There are several reasons why someone would choose an ephemeral tool like Snapchat. First, the most obvious: the content is not persistent. This is the primary problem with the Web in general, and Facebook in particular. To share now means to share in perpetuity. Certainly, there are privacy settings, but the digital landscape is littered with the corpses of those who took such settings at face value. And why should we be surprised?
We aren’t actually surprised. We know the “real” social world bears witness to any number of low-tech embarrassing slips. Take, for example, a “hot mic” incident recorded for others to hear. Observe the right holy chaos that technology wrought on the lives of politicians telling the truth without actually knowing it.
The hot mic is an exceptional incident that garners a great deal of attention (and not just due to the high profile character of its victims). On the web, this kind of slip is a routine daily occurrence. We have had so many embarrassing slips that we cannot possibly catalogue them all. They run the gamut from the “oops, my mom saw my dirty post,” to “I got fired for talking about my employer.” There are even web sites devoted to showing us the hilarity of these slips. Facebook Fail is guaranteed to make you LOL.
The web’s routine failure to protect us from embarrassment has made its persistence a liability.
Snapchat allows you to turn the Web back into regular conversation, shared with only those “present,” and not recorded for anyone else to hear. It turns off the “hot mic” of the web and alleviates the anxiety of navigating the shifting sands of Facebook’s privacy settings. Persistence has now become a liability for many Web users. Snapchat allows you to confidently send content without worrying about it. The content simply disappears, making it more like conversation before we had the Web.
The second reason ephemeral content tools are attractive is less obvious, but just as important. On the one hand, the web offers persistence, which as I have argued can be a distinct liability. But on the other hand, it also offers archiving, which is generally thought to be a good thing. What was the name of that guy who sent you his resume in an email? Where is that restaurant we went to that time? How much time does it take to fly to Hawaii? All of these questions can be answered by leveraging the persistence of the Web. And this is a good thing. This is precisely what Vannevar Bush imagined when we wrote about the “memex” back in 1947 — all the world’s knowledge available on the desktop.
But all the world’s knowledge becomes total chaos without any librarians (yay! Librarians!). That is not what Vannevar Bush imagined. He did not foresee the sheer randomness of what effortless information sharing would bring. Google itself would not exist were it not for this chaos. But at least on the Web, Google does a good job of ordering at least some of the chaos. It doesn’t do such a good job of helping you find those Power Point slides you made 10 years ago, in part because there is simply too much digital content for us to wade through and in part because this detritus sadly ends up on our hard drives.
Our desktop computers, our mobile devices, our web-based email have become dumping grounds for our digital hoarding habits. Rare is it when a user asks herself, will I need to find this three-word email in the future? Should I tag it with a color, or a category? She simply whips it off and forgets about it. But that three-line email clogs up her inbox just as much as a 14-paragraph missive from her bosses’ bosses’ boss, which could affect her very job. There is no immediately apparent difference between the two emails, even if she is experimenting with Gmail’s “significance” algorithm. Her meta data is only ever as good as the effort she puts into them.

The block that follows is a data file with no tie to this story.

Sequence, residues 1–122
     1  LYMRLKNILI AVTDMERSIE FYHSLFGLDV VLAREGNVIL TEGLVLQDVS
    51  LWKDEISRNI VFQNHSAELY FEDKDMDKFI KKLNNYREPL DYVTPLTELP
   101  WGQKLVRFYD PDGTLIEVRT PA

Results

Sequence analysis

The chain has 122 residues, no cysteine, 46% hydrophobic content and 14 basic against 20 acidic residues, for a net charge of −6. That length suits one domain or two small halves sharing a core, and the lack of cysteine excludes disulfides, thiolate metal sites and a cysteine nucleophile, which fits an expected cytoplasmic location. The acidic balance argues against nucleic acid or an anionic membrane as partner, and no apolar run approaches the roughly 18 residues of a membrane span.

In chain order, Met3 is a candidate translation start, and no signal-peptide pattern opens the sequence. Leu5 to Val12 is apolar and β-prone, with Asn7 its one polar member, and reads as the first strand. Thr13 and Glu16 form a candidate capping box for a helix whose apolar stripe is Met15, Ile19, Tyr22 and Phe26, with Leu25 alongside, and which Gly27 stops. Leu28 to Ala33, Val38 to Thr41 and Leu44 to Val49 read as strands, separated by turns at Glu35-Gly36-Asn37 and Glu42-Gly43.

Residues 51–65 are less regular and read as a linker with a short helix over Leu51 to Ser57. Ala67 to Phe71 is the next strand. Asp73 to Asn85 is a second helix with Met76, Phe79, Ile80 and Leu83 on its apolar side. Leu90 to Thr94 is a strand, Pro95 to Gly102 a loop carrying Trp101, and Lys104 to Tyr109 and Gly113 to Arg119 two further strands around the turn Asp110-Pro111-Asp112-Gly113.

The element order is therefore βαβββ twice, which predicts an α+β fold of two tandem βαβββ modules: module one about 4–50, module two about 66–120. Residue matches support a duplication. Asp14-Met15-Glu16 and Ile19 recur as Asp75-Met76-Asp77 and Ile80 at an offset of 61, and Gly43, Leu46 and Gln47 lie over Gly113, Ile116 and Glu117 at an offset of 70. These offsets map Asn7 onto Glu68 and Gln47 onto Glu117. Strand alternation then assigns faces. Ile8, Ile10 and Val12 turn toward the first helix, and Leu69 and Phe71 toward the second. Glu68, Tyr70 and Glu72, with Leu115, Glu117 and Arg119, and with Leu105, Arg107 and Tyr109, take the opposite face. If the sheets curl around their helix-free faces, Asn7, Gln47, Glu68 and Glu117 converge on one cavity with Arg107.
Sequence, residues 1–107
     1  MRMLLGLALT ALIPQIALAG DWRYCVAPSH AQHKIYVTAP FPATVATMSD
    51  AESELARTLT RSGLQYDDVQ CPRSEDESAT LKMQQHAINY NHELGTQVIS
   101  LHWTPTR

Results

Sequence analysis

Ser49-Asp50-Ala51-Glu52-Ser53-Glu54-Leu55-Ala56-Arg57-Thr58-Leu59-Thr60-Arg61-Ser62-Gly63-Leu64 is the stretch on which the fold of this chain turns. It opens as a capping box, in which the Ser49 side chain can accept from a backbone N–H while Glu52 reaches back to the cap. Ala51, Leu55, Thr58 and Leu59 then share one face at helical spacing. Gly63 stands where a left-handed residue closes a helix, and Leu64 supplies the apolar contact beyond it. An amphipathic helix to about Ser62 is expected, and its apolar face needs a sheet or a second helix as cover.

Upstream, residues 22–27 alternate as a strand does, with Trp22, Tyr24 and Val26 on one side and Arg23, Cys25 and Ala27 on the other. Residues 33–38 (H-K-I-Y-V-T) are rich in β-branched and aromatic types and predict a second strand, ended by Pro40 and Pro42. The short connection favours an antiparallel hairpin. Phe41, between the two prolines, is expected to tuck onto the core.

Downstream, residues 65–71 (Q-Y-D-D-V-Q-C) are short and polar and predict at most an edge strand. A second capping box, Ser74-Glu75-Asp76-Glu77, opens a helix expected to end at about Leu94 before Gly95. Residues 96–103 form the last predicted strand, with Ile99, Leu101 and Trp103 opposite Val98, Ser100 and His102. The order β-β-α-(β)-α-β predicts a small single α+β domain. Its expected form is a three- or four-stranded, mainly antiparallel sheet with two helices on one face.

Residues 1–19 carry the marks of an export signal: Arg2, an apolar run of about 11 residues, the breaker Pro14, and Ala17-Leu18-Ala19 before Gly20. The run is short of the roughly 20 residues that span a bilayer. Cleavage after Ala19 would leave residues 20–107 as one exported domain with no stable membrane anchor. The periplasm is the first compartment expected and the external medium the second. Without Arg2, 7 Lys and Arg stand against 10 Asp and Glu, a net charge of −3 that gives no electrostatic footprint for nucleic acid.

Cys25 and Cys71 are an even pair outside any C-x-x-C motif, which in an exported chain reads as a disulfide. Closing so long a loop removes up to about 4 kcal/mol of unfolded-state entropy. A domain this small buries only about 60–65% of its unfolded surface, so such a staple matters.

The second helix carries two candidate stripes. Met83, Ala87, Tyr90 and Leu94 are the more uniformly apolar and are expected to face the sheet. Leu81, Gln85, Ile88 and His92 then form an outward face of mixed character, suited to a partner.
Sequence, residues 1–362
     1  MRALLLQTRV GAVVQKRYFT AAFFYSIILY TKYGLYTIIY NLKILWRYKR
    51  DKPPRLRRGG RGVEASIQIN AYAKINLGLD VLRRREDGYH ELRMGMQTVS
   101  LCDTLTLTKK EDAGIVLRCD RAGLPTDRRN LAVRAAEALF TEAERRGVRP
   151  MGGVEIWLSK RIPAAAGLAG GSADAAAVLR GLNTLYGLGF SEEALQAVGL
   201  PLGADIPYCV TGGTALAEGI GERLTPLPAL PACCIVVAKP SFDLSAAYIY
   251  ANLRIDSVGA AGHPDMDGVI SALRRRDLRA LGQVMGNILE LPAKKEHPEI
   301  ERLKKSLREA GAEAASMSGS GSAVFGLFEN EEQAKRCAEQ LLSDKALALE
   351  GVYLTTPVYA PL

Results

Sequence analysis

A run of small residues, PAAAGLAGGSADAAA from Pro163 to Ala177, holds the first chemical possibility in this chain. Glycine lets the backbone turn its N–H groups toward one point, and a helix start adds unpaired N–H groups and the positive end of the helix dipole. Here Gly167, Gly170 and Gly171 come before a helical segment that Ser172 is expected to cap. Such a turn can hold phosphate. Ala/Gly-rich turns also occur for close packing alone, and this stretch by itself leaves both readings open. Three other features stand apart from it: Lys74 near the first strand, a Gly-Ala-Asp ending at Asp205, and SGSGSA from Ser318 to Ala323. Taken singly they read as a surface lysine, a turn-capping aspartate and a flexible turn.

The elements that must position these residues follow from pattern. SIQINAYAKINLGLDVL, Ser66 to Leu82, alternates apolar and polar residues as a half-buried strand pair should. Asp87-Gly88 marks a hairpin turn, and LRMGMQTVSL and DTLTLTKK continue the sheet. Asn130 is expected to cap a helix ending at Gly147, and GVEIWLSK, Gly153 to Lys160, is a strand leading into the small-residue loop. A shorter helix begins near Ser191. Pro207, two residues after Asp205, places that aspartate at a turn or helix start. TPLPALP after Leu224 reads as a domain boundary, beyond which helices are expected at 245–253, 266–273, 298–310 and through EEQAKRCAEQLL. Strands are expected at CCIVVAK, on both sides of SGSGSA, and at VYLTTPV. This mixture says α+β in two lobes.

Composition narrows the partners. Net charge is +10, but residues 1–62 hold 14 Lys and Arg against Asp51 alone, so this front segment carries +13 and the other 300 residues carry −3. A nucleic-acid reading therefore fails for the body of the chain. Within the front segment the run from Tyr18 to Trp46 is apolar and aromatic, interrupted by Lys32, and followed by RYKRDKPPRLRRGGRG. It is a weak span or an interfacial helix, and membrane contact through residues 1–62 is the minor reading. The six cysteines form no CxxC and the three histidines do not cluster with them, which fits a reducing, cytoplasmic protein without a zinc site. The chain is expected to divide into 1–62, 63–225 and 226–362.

If emails were paper letters, we would need to build 15 million more houses just to hold the crap we send to each other. Those houses would be filled to the rafters. All of us are digital hoarders; we just don’t see it. Our digital hygiene habits are very bad.
They are about to get a whole lot worse.
We are taking pictures at an unprecedented rate. The best estimate we have is 3.8 trillion digital pictures are in existence, and we’re generating between 500 million and 1 billion every year. Just over a quarter of those are taken with smartphones. Very few of them are precious. How can we know which are precious? We must put in the effort to separate the significant photo from the insiginficant one. Since we cannot find our photos in our morass of digital content, and put in slices of time to tag them between ill-fated bouts of “inbox zero” campaigns, we are likely going to make things worse. Much worse.
Enter Snapchat once again.
The mere decision to use Snapchat means the user has already considered this photo to be of little archival value. Right then and there, he has succeeded in reducing his future cognitive load. But even better, he doesn’t even need to consider the photo ever again, even if it were to merely dismiss its importance. Even that tiny cognitive burden is gone. The photo is gone. Snapchat came and took out the garbage that you put in a particular pile. You don’t even have to think of that pile. It is simply gone. How liberating!
These are the main two reasons I believe ephemeral content is going to take root in our collective psyche. But as I consider this topic, I will add to this list. I will also consider the implications as we start to forget to forget. We will no longer even notice the piles of content around our digital houses. What effect will that have on our mental models? It may even signal the final shift from an analogue world masquerading as a digital one, with its transparent metaphors of desktops and file folders that scream 20th century. But what will replace this analogue playing dress-up? What is the shape of that truly digital mental model for our content? It’s hard to say.